One source of inspiration was Twitter’s Top 75 Badass Women by Diana Adams (@adamsconsulting) and Amy D. Howell (@HowellMarketing), a list on which Cheryl was honored. Though it’s a remarkable list, to keep ours distinct we haven’t duplicated any of Diana and Amy’s picks.
Next month, we are following up with our list of 50 men, just in time for Father’s Day. This list will be posted on Cheryl Burgess’ Blue Focus Marketing Blog. Whatever your role in social media, we hope you find this list valuable in expanding your knowledge and your network.
Jennifer is the General Atlantic Professor of Marketing at the Stanford Graduate School or Business, and author of The Dragonfly Effect: Quick, Effective, and Powerful Ways To Use Social Media to Drive Social Change.
Diana is a USC grad now based in Atlanta. She heads up Adams Consulting Group, a technical services firm specializing in Apple Macintosh desktops, servers and laptops. Diana writes for BitRebels.com and InkRebels.com, and as noted above, her post on Twitter’s Top 75 Badass Women was one source of inspiration for this #Nifty50 list. She’s smart, personable, sometimes controversial and never dull.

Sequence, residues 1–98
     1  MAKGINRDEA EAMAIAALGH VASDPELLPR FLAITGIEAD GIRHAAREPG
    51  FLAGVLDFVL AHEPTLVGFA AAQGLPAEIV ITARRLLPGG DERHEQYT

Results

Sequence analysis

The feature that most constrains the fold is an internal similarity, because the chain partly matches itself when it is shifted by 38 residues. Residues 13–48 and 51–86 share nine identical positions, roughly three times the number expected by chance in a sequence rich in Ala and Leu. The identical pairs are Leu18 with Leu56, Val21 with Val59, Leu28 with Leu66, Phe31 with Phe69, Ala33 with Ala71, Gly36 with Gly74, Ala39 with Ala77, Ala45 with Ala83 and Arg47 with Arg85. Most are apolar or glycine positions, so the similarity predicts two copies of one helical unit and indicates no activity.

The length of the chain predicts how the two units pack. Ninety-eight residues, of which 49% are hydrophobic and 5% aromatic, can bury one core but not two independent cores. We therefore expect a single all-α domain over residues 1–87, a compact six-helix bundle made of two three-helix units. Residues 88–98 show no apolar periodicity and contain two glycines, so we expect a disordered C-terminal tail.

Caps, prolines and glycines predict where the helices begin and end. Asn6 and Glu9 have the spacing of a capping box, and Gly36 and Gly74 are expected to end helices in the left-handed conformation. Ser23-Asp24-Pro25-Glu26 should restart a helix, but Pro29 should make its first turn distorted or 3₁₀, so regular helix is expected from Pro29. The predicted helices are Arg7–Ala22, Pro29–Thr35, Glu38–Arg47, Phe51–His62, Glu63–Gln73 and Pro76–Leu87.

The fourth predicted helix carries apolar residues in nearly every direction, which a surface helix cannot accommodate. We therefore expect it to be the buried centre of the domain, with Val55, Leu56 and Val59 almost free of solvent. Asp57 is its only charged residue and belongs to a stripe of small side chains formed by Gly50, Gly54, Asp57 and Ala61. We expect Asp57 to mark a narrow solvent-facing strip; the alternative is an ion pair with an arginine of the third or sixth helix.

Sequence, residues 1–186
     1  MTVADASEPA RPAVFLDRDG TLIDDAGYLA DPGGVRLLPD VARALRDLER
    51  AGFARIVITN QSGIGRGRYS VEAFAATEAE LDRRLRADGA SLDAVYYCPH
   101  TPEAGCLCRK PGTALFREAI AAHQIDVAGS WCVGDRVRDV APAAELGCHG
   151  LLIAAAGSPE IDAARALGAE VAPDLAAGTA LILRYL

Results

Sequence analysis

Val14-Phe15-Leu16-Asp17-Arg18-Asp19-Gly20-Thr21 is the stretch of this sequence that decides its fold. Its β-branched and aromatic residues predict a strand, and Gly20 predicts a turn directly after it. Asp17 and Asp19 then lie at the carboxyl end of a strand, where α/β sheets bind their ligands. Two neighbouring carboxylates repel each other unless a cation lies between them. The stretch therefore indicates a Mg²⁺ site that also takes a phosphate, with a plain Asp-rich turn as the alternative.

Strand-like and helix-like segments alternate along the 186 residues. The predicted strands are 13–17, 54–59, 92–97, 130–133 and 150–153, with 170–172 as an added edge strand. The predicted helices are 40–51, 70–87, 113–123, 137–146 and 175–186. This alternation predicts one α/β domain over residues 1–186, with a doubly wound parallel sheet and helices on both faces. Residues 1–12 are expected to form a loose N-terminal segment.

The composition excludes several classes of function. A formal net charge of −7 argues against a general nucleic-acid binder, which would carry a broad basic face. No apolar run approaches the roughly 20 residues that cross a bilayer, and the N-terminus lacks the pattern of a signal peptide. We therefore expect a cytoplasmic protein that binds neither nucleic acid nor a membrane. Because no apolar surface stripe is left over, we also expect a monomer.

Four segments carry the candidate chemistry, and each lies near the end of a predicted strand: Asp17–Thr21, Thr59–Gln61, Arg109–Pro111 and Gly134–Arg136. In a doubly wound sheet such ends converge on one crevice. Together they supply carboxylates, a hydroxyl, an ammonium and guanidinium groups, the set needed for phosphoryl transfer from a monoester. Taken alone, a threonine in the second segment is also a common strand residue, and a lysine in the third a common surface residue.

Hailing from San Antonio, Alicia is founder and CEO of Sanera, a professional development and training firm for sales and business leaders. She describes herself as a “small business coach, speaker, corporate trainer, blogger, singer, lover of life, dreams, family and God.” Alicia is a warm and outgoing social media pro and creator of March Marketing Madness.
Allison lives in the New York City area and works with the Marketing team at Google to explore the changing face of media, mobile and consumer behavior, drive new thinking internally, and communicate Google’s visionary concepts to wider audiences.
Ambal is co-founder of ClickDocuments, based in Silicon Valley. She’s an entrepreneur, marketer, blogger, and alum of Wharton and Purdue. Her Connect the Docs blog—frequently featured on the B2B Marketing Zone—is a platform for her own thought leadership content as well as frequently solicited insights from other B2B bloggers.
Director of Sales for @klout. Though fairly new to Twitter, Amber is active and highly engaging, and her following is likely to grow quickly. A USC grad, Amber’s past includes stints at Hulu, Yahoo!, and the E! Entertainment Network.
Amy serves as social media editor for the St. Paul Pioneer Press as well as the Features/Travel editor for the newspaper. She’s an informative and prolific Twitterer, and active in Twin Cities social media.
A B2B marketer, strategist, writer and Author of eMarketing Strategies for the Complex Sale. Friend, mentor, and source of inspiration. Also an expatriate Minnesotan now living in southern California (we miss her, but can’t blame her).